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Bridge in Genoa (Italy)

Dear Reader,

I strongly suspect that some of you will be aware that a bridge in Italy has fallen down resulting in a considerable loss of human life. Now some of you might be wondering what caused it to happen.

At this time I do not know for sure exactly what caused the bridge to fall down, there are reports that a lightning bolt hit the bridge shortly before the bridge came crashing down. The bridge was a suspension bridge (cable stayed bridge) which had reinforced concrete elements which go from the tops of the towers to the part of the bridge which the people / cars travel over.

Now years ago in the senior common room at Reading it was explained to me that there are two types of suspension bridge. There is the true suspension bridge where a long cable which has a shape similar to a washing line exists between two towers. From this cable a series of vertical elements are connected. At the bottom end of the vertical elements are connected to the road way on which the people, cars etc travel over. The other design is a cable stayed bridge in which straight elements which are under tension go from the tower to the road.

For the suspension bridge it is impossible to change the main cable (the one with the washing line shape) but for the cable stayed bridge it is possible to replace a cable.

One big problem is tension, now it is important to understand that concrete is very weak in tension but strong in compression. This is why reinforced concrete is so good a material. The strength of a concrete object can be sometimes increased further by stressing the structure by putting the concrete under additional compression. This can be done by having a hole going through the concrete, the concrete is poured and allowed to set. Afterwards a steel rope in the hole is then put under tension, this then subjects the concrete to compression. One way of doing this would be to have a long bolt passing through the hole with large washers on both ends. By putting a nut on this bolt and tightening it up then the bolt will be under tension and the concrete under compression.

post stressed concrete

Another method would be to use prestressing where the rebar is put under tension before the concrete is poured. It is important to note that when carbon steel is placed in concrete made from ordinary portland cement (OPC) that the pore water in the cement is slightly alkaline. This is good for the steel, under these conditions the steel does not corrode quickly. The steel is in a chemical environment in which the corrosion is very slow.

Corrosion or rusting of rebar is a very big problem, the volume occupied by the rust is greater than that of the steel rebar. As a result if rusting occurs then not only does the rebar lose its strength but also it tends to cause concrete to spall off from the structure. This expansion from within tends to make more holes in it.

However there are two main problems, if the concrete becomes contaminated with chloride salts from sea spray or deicing salts used on the road then the rebar can start to corrode more quickly. Also if as a result of cracking carbon dioxide from the air can enter the concrete then the pore water will become less alkaline. The steel will then be exposed to a new chemical environment in which it will corrode more quickly. All concretes will slowly be carbonated by the air, but in the ideal world only the very outer layer will be carbonated.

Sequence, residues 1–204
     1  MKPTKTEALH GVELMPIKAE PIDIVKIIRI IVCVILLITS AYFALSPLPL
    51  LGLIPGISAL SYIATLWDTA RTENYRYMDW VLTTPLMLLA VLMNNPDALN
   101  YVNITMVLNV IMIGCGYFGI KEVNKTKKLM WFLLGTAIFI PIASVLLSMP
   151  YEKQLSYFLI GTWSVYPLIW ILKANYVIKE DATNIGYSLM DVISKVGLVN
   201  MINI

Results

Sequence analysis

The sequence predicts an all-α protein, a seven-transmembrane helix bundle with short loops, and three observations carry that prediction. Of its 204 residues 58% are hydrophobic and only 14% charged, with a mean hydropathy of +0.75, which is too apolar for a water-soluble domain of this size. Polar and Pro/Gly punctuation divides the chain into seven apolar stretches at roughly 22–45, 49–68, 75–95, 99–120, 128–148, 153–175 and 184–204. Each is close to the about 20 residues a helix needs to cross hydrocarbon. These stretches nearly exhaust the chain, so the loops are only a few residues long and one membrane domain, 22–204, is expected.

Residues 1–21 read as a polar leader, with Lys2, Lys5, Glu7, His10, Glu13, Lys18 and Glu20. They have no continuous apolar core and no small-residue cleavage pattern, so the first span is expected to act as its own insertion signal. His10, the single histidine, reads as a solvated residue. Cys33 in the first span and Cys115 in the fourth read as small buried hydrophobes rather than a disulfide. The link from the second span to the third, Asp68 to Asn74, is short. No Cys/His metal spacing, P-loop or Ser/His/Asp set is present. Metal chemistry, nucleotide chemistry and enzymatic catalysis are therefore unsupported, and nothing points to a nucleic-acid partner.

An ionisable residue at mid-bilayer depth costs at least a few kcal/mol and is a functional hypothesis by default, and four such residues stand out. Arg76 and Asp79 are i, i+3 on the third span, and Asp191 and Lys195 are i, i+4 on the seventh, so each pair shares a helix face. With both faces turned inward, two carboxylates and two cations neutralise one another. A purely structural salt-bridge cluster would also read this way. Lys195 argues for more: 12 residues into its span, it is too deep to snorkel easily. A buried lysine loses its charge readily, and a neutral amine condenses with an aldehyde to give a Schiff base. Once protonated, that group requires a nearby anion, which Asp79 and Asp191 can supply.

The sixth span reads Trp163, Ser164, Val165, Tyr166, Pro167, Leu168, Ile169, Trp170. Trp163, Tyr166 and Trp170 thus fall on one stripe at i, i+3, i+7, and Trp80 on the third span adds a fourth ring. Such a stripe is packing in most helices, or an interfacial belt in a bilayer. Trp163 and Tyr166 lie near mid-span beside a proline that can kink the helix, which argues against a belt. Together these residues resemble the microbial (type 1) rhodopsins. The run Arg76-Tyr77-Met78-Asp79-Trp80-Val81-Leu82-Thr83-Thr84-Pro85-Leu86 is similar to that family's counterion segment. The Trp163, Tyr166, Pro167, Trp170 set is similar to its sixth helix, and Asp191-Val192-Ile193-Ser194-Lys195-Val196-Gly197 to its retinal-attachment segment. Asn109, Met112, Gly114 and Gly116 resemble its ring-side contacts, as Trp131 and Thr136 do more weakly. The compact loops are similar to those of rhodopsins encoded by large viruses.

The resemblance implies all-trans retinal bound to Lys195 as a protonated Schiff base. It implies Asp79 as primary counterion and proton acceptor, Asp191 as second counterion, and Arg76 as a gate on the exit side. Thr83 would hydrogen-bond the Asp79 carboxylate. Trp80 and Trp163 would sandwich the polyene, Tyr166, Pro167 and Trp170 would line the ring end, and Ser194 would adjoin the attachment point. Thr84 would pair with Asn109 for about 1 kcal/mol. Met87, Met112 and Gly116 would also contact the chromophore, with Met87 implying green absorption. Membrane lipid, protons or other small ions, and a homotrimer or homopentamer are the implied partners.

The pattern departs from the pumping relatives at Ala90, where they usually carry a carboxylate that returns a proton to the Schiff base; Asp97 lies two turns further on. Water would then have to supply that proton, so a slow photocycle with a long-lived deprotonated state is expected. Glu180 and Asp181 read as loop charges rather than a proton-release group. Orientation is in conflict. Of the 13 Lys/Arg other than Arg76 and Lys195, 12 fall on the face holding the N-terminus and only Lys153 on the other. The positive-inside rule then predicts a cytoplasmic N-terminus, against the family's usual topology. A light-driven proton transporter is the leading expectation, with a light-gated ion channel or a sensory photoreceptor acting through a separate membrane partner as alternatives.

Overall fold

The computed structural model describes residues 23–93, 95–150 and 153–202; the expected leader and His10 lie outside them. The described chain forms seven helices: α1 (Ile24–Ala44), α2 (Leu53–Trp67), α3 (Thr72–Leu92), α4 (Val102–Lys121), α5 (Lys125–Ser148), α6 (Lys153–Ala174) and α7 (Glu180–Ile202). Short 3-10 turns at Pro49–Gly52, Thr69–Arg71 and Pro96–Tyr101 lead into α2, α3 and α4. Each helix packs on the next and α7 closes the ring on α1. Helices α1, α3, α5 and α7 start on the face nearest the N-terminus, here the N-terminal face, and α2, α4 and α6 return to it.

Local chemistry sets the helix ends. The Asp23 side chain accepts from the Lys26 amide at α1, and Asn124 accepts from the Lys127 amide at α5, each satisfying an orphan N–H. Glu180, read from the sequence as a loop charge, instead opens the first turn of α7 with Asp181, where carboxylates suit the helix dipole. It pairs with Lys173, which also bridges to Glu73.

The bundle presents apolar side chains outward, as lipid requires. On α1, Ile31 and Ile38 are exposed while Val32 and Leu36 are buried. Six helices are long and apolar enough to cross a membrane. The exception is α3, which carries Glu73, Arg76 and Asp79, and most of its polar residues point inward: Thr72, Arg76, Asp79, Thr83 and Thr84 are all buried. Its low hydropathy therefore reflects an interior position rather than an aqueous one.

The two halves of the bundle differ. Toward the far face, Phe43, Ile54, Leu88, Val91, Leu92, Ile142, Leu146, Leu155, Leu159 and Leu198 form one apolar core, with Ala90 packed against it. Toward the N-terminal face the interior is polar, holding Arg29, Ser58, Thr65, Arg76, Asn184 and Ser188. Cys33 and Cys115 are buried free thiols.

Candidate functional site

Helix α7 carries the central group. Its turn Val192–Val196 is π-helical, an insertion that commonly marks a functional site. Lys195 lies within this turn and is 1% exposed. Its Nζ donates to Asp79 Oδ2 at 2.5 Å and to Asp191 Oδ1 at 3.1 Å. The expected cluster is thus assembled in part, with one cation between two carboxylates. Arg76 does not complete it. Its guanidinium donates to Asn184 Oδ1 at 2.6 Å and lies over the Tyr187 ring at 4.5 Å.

If the concrete becomes cracked due to vandalism, a changing mechanical load or even due to corrosion then the rate of carbonation tends to increase. This is due to the fact that the air has greater access to the inner part of the concrete object.

The last main thing which we should be aware of is that some corrosion modes such as stress corrosion cracking are worse when the object is placed under tension such as in the cable of the suspension or cable stayed bridge.

What I think that one of the things the investigators should be doing is to check the chemistry of the concrete used in the reinforced concrete cables used to connect the towers to the deck of the bridge. There are two simple chemical tests which can be used.

The first one is to drill a hole into the concrete and apply a solution of phenolphthalein to the surface. This is an acid/base indicator. When it is acidic it is colourless but when it is alkaline it is intense pink. What you then do is to measure how far the colourless reagion extends into the concrete object. This will give an indication of how bad the carbonation effect was at the point where the hole was drilled. As the bridge has fallen down this test can be used without having to worry so much about plugging up the holes made in the test if you were to examine the fallen lumps of concrete.

Another simple test is to grind up a sample of concrete, then to make this into a paste with a known amount of water. If this paste is then examined by either ion chromatography or a chloride test strip (based on the reaction of silver nitrate with sodium chloride to form insoluble silver chloride) then it is possible to determine how much chloride contamination was present in the concrete.